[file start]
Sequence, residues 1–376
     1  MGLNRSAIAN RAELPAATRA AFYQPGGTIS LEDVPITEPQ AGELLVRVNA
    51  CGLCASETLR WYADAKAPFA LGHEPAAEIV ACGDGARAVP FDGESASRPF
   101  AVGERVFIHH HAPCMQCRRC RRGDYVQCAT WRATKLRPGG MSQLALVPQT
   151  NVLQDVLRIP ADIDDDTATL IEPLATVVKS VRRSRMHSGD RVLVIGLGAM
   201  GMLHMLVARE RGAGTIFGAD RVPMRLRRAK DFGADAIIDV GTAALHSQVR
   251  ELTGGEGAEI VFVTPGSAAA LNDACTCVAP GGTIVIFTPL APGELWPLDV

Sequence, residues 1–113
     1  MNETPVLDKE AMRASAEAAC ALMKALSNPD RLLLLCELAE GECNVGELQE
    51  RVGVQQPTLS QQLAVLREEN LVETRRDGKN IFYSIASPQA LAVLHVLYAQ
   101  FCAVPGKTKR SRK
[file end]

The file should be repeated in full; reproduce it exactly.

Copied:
Sequence, residues 1–376
     1  MGLNRSAIAN RAELPAATRA AFYQPGGTIS LEDVPITEPQ AGELLVRVNA
    51  CGLCASETLR WYADAKAPFA LGHEPAAEIV ACGDGARAVP FDGESASRPF
   101  AVGERVFIHH HAPCMQCRRC RRGDYVQCAT WRATKLRPGG MSQLALVPQT
   151  NVLQDVLRIP ADIDDDTATL IEPLATVVKS VRRSRMHSGD RVLVIGLGAM
   201  GMLHMLVARE RGAGTIFGAD RVPMRLRRAK DFGADAIIDV GTAALHSQVR
   251  ELTGGEGAEI VFVTPGSAAA LNDACTCVAP GGTIVIFTPL APGELWPLDV

Sequence, residues 1–113
     1  MNETPVLDKE AMRASAEAAC ALMKALSNPD RLLLLCELAE GECNVGELQE
    51  RVGVQQPTLS QQLAVLREEN LVETRRDGKN IFYSIASPQA LAVLHVLYAQ
   101  FCAVPGKTKR SRK